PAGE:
The Arafura Swamp Rangers

Published 27 Mar 2018 

Bush Heritage and Traditional Owners are proudly working in partnership to return the Arafura Swamp region to good health.

ASRAC sea ranger Florence Biridjala. Photo Daniel Hartley-Allen.
ASRAC sea ranger Florence Biridjala. Photo Daniel Hartley-Allen.
Stretching across 70,000 hectares of Arnhem Land is one of northern Australia’s largest freshwater ecosystems, the Arafura Swamp or Gurruwiling. Here, you’ll find peeling paperbark trees, glossy green water lilies, Barramundi, turtles, crocodiles, and, in the wet season, as many as 300,000 birds.

The Yolngu and Bi people of Gurruwiling are intricately tied to this landscape and it to them. It's their supermarket and freshwater supply, and the classroom in which they learn lessons passed down from their ancestors.

In return, they keep this country healthy: controlling weeds and feral animals, minimising the threat of damaging wildfires, and working to mitigate saltwater intrusion. But just as those threats are becoming more pressing, there are fewer people on country to control them.

“A long time ago, when the dry season came, we would be going out to hunt for goanna and burning patches here and there to get our food,” says Arafura Swamp senior ranger Solomon O’Ryan. “That practice collapsed ... If you look at the new world now, we see everyone in town.”

ASRAC sea rangers Brendon Warrinyinba Gaykamangu (L), Florence Biridjala (R), and senior ranger Solomon O’Ryan (C). Photo Daniel Hartley-Allen.
ASRAC sea rangers Brendon Warrinyinba Gaykamangu (L), Florence Biridjala (R), and senior ranger Solomon O’Ryan (C). Photo Daniel Hartley-Allen.
Solomon is part of a partnership that’s helping to return people to country, while also building environmental, cultural and socioeconomic sustainability across the region. Recently, that partnership resulted in the Arafura Swamp Rangers Healthy Country Plan 2017-2027.

Incorporating the combined knowledge of 33 Yolngu and Bi clans, the plan is a roadmap for the Arafura Swamp Rangers to manage 1.2 million hectares of land and sea under the auspices of the Arafura Swamp Rangers Aboriginal Corporation (ASRAC).

Formed in 2013, ASRAC has partnered with Bush Heritage Australia and others to build its profile, strengthen its governance structures and develop its Healthy Country Plan.

“Bush Heritage's role in this collaboration is about bringing in additional resources to strengthen ASRAC and enable its work,” says Peter Saunders. As Bush Heritage Healthy Country Manager for Arafura Swamp, Peter is based in the township of Ramingining, on the edge of Gurruwiling, where he's now strengthening ASRAC's capacity to achieve its healthy country goals.

Feral buffalo threaten the health of the Arafura Swamp region. Photo Daniel Hartley-Allen.
Feral buffalo threaten the health of the Arafura Swamp region. Photo Daniel Hartley-Allen.
The Arafura Swamp Rangers’ work is focused on reducing threats to the key targets identified in their Healthy Country Plan. Of those threats, feral buffalo are one of the most damaging.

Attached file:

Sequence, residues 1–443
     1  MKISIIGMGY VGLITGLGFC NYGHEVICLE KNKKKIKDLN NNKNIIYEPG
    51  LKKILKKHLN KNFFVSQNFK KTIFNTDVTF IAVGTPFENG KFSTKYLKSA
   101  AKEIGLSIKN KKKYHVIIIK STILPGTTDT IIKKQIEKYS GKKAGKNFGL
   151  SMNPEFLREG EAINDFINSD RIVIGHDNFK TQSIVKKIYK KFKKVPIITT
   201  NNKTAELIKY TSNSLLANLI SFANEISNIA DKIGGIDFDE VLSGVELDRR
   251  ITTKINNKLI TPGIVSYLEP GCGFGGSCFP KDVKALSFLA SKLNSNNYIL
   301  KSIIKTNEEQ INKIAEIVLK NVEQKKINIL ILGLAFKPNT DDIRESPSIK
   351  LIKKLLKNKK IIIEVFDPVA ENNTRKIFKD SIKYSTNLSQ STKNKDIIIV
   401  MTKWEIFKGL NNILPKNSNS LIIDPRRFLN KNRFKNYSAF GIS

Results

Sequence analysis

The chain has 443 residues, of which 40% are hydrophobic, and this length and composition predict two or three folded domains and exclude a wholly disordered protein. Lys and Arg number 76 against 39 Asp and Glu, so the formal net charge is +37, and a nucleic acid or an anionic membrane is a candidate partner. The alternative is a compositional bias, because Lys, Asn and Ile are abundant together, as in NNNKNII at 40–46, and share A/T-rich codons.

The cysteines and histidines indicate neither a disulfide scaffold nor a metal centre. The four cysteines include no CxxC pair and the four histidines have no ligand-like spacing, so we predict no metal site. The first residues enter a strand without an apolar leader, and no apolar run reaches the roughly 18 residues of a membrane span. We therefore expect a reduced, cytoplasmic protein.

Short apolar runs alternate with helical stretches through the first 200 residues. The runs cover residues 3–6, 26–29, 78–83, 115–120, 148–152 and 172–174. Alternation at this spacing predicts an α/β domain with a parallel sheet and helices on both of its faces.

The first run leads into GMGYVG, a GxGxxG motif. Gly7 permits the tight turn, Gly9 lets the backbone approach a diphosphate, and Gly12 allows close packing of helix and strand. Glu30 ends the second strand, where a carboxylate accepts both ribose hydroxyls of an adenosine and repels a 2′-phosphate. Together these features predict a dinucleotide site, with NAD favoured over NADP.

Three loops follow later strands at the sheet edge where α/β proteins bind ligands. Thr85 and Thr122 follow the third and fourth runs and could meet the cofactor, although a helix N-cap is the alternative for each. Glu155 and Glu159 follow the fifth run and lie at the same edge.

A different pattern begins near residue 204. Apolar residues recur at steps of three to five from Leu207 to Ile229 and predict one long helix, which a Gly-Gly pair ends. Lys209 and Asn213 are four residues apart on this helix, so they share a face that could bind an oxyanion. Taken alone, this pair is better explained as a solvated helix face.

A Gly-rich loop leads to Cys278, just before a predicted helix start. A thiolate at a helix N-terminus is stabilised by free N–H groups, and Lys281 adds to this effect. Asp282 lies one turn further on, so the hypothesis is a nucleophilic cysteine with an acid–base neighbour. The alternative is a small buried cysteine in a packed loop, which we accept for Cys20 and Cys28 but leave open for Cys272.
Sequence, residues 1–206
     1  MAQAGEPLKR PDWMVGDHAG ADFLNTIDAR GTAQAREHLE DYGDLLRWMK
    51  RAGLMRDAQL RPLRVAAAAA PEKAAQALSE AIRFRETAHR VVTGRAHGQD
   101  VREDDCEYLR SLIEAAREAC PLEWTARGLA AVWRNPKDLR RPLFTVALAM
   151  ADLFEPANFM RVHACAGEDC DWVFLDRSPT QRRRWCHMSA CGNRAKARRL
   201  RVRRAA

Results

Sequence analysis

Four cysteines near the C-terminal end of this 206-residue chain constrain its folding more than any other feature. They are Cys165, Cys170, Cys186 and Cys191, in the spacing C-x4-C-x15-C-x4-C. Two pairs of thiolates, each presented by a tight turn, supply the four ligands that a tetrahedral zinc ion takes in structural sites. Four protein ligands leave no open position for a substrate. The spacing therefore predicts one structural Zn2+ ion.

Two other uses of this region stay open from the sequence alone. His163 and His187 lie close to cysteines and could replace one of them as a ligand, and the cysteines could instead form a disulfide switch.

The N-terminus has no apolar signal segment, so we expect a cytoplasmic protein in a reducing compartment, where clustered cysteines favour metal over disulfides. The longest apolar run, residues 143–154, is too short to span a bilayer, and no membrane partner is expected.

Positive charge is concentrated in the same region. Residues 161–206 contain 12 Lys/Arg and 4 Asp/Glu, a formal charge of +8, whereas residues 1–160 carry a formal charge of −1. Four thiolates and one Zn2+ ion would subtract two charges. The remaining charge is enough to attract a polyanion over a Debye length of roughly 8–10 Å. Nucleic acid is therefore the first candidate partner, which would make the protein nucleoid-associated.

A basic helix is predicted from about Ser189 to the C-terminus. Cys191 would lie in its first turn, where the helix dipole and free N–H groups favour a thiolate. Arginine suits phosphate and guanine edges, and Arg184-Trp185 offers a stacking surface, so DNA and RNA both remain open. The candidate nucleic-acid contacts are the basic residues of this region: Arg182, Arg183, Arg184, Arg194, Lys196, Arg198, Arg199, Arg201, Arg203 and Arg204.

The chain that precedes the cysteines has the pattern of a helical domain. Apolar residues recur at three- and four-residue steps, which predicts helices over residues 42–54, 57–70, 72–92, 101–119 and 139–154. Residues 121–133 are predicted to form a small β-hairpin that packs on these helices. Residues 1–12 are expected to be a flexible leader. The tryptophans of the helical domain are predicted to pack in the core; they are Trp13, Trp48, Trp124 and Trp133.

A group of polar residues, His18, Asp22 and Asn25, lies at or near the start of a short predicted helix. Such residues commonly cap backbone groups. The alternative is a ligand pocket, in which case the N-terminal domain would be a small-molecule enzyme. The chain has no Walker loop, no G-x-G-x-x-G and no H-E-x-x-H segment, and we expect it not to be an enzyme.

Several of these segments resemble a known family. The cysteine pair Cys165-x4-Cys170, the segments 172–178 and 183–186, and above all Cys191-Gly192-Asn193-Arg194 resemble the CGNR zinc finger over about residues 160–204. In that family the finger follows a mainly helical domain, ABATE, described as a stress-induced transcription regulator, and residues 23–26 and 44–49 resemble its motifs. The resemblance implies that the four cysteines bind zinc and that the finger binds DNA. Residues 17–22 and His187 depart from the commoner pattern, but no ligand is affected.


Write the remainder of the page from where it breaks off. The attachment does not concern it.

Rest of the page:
They spread weeds, trample wetlands, increase erosion, and open up channels that enable seawater to intrude on freshwater ecosystems.

“There are lots of feral animals doing big damage to this area,” says Solomon. “We used to have lots of water lilies, now it’s just dirty water.”

Currently, an external party is contracted to carry out regular buffalo mustering in the region, but it’s hoped ASRAC will have greater control and input into such contracts in coming years.

Another major part of the rangers’ work involves implementing right-way fire to lessen the impact of late-dry season wildfires in the September to December storm season. In doing so, they contribute to reductions in Australia’s carbon emissions, earning them about $1 million a year in carbon credits through the Commonwealth Government’s carbon abatement program.

That money funds vital management activities such as consultations, fire control and equipment purchases, while also building the local economy. It's a glimpse of what's possible with a strong, stable and well-resourced ASRAC.

“Bush Heritage has a long-term commitment to this partnership, and we're dedicated to supporting ASRAC as it works towards its healthy country goals,” says Peter. “One of the biggest threats to country and culture in this region is the ever-changing nature of the political and funding environment that these communities are trying to operate in. We are providing this corporation with consistent support, which contributes to the Arafura Swamp rangers' delivery of long-standing environmental outcomes.”

Bush Heritage has 24 Aboriginal partnerships across Australia. For more information see our Aboriginal Partnerships page.

One of Australia’s largest and most valuable freshwater ecosystems is at threat. Working together, we can help return Arafura Swamp to good health. Please join us in this powerful partnership. Donate now.
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